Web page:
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Hensby seeking status following suspension

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After serving a one-year suspension for skipping a PGA Tour drug test, Mark Hensby is back on the course in search of status.

The Aussie came under fire last year at the Sanderson Farms Championship, when he failed to supply a urine sample for a Tour-mandated drug test. Hensby later explained that he had just gone to the bathroom near the end of his round and didn't believe he would be able to supply a sample, but that he "showed poor judgment" by ignoring multiple calls and texts from Tour officials after leaving the course.

Hensby's one-year suspension was announced in December but retroactive to the skipped test, meaning he was eligible to return to Tour-sanctioned competition this week. He's back to work in California at the second stage of Tour Q-School, where he opened the 72-hole event with a 1-under 71. That left Hensby in a tie for 20th among 71 players, with the top 18 and ties at the end of the week advancing to final stage.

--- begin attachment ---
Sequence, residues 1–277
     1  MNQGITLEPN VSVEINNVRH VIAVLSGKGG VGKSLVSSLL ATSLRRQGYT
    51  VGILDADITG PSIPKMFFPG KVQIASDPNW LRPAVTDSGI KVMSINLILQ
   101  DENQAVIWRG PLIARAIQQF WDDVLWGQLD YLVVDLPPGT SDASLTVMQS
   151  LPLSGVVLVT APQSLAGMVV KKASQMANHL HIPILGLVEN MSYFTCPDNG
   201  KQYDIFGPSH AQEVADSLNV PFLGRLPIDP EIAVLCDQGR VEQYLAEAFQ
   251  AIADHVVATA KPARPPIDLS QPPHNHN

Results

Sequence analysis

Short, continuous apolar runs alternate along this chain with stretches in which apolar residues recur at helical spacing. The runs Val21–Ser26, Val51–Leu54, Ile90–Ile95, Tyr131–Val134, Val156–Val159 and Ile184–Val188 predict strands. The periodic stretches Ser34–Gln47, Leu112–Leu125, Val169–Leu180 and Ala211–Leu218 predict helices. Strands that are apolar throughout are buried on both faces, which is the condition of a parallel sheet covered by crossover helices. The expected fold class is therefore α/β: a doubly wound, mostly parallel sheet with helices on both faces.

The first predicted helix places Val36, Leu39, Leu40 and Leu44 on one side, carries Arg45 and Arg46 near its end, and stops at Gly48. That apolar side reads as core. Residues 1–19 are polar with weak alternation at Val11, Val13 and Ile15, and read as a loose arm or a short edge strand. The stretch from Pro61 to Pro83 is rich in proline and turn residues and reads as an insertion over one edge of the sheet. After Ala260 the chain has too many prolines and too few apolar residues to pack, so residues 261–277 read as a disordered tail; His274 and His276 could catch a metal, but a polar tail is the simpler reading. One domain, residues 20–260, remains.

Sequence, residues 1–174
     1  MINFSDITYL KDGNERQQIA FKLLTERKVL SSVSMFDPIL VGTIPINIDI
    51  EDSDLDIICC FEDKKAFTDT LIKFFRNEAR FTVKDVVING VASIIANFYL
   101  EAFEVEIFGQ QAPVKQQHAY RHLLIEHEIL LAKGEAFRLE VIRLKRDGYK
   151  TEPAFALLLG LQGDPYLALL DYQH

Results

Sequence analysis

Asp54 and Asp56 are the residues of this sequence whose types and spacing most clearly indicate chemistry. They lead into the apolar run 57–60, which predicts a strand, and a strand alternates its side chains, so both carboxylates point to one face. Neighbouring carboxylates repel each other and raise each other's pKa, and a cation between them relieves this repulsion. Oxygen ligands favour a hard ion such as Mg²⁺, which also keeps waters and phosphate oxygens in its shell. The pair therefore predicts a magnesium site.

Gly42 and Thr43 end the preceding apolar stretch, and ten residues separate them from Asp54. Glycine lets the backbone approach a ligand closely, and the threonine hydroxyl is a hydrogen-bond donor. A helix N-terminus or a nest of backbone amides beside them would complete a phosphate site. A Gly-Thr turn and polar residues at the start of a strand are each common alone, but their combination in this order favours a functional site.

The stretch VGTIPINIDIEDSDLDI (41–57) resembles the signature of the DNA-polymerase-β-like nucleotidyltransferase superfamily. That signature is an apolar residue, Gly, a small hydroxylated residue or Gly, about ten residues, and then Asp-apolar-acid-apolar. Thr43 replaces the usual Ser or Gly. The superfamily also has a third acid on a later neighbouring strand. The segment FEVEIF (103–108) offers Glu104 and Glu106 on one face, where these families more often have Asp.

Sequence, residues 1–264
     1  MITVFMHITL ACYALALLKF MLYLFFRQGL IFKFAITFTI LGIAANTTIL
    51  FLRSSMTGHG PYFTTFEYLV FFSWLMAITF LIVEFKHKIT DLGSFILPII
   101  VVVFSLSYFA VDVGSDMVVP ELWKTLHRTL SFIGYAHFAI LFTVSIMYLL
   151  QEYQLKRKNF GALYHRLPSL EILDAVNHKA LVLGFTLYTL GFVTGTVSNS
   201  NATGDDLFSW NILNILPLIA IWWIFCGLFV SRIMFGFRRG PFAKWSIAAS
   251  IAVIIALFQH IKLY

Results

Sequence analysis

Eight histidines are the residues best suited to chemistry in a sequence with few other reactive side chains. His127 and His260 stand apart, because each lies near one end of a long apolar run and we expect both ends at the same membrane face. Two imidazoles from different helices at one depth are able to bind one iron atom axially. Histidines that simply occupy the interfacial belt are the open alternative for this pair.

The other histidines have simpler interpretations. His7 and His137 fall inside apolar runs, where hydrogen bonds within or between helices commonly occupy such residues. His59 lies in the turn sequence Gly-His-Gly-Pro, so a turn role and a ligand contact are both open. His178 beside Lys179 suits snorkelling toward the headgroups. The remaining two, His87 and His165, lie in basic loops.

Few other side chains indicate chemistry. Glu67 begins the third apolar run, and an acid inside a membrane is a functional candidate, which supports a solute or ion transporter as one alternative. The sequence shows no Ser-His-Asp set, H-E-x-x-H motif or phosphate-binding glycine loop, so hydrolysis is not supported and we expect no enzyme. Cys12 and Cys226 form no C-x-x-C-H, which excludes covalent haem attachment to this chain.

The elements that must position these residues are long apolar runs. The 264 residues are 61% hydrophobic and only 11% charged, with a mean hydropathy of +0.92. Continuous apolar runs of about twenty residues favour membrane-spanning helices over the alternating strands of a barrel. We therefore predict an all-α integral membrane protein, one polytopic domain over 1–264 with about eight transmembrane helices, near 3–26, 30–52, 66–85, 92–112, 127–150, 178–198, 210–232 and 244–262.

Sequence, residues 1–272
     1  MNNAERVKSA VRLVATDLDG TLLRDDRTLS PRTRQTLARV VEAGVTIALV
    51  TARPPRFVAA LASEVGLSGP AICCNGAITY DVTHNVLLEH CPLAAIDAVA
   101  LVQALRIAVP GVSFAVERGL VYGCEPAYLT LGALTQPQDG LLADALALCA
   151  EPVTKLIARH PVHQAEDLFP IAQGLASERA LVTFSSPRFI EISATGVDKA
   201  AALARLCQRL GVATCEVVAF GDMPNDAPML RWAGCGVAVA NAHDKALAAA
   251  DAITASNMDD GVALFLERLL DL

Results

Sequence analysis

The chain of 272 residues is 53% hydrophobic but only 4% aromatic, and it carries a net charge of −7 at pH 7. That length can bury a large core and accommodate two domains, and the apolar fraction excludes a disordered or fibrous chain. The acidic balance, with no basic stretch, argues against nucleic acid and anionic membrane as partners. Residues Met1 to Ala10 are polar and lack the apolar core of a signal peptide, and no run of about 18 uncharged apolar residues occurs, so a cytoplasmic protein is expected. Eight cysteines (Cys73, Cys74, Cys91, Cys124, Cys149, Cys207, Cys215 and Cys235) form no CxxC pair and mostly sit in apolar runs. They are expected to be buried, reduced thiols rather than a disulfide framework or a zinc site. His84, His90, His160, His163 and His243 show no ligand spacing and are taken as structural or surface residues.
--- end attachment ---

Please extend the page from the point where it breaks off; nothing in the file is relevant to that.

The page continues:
Hensby won the 2004 John Deere Classic and played in the 2005 Presidents Cup. But the 47-year-old recently told Golfweek that he was disappointed by how the Tour handled his situation over the past year.

"A guy of my age, they don't care and I understand that. I'm not going to draw people to a tournament," Hensby said. "Once they know there's no need for you any more, they throw you away. That's kind of what it feels like to me."

Hensby, who earned more than $6.3 million during his PGA Tour career, could also have another avenue to status once he turns 48 in June, since the circuit holds a handful of spots at each event specifically for Tour veterans ages 48 and 49 who are on the cusp of joining PGA Tour Champions.